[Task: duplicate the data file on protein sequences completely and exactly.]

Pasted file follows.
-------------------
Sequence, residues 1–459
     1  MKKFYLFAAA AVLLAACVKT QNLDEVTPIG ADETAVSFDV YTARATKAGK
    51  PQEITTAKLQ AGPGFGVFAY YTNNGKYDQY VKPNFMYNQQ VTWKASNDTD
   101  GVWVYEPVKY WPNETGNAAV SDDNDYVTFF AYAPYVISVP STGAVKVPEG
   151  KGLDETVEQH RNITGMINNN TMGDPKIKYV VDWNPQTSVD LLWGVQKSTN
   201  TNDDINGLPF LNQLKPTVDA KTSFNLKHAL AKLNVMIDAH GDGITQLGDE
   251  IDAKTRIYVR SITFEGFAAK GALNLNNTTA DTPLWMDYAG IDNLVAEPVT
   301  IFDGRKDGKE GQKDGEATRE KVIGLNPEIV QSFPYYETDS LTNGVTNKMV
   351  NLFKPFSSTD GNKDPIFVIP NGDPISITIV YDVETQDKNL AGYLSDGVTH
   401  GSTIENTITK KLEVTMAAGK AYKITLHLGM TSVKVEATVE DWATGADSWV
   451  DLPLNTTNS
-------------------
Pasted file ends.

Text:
Sequence, residues 1–459
     1  MKKFYLFAAA AVLLAACVKT QNLDEVTPIG ADETAVSFDV YTARATKAGK
    51  PQEITTAKLQ AGPGFGVFAY YTNNGKYDQY VKPNFMYNQQ VTWKASNDTD
   101  GVWVYEPVKY WPNETGNAAV SDDNDYVTFF AYAPYVISVP STGAVKVPEG
   151  KGLDETVEQH RNITGMINNN TMGDPKIKYV VDWNPQTSVD LLWGVQKSTN
   201  TNDDINGLPF LNQLKPTVDA KTSFNLKHAL AKLNVMIDAH GDGITQLGDE
   251  IDAKTRIYVR SITFEGFAAK GALNLNNTTA DTPLWMDYAG IDNLVAEPVT
   301  IFDGRKDGKE GQKDGEATRE KVIGLNPEIV QSFPYYETDS LTNGVTNKMV
   351  NLFKPFSSTD GNKDPIFVIP NGDPISITIV YDVETQDKNL AGYLSDGVTH
   401  GSTIENTITK KLEVTMAAGK AYKITLHLGM TSVKVEATVE DWATGADSWV
   451  DLPLNTTNS